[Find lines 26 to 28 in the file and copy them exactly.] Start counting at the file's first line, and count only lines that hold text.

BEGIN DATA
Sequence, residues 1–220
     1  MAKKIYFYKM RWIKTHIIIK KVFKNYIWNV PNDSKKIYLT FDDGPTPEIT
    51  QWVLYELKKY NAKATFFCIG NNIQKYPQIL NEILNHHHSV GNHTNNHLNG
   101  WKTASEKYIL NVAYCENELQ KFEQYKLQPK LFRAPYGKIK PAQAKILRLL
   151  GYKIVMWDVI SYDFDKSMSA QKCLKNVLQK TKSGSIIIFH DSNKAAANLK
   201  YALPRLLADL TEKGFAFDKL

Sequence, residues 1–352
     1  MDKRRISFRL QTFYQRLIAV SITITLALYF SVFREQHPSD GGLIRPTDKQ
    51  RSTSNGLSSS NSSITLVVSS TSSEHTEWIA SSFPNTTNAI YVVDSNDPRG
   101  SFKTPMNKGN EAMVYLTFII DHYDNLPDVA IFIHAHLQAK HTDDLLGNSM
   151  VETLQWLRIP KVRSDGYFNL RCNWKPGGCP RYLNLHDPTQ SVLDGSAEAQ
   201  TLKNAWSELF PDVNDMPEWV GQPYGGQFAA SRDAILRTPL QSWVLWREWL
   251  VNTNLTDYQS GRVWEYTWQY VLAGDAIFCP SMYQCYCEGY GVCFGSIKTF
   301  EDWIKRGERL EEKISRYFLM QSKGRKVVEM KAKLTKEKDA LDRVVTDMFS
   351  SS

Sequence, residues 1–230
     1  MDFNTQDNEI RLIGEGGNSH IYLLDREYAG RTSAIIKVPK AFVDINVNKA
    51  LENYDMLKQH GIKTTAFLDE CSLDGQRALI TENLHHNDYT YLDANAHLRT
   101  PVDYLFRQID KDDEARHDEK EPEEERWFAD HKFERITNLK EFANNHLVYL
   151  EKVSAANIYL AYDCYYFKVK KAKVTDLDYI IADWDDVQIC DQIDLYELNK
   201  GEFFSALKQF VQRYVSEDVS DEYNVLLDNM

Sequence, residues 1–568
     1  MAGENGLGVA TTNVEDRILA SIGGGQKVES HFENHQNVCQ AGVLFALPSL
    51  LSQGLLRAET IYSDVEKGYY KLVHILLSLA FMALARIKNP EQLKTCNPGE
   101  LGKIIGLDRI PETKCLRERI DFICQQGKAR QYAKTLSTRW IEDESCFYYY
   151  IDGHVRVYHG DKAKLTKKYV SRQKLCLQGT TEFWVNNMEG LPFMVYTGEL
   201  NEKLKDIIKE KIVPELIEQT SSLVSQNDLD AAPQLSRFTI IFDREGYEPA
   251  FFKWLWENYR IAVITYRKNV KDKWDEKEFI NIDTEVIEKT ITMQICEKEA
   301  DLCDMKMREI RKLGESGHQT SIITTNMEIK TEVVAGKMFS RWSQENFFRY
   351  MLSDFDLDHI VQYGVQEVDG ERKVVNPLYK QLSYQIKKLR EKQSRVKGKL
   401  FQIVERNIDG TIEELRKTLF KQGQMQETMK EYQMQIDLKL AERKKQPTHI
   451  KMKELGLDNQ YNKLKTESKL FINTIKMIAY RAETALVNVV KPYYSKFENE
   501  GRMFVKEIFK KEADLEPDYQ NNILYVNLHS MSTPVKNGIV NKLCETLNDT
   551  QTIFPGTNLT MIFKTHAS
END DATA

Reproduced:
   151  IDGHVRVYHG DKAKLTKKYV SRQKLCLQGT TEFWVNNMEG LPFMVYTGEL
   201  NEKLKDIIKE KIVPELIEQT SSLVSQNDLD AAPQLSRFTI IFDREGYEPA
   251  FFKWLWENYR IAVITYRKNV KDKWDEKEFI NIDTEVIEKT ITMQICEKEA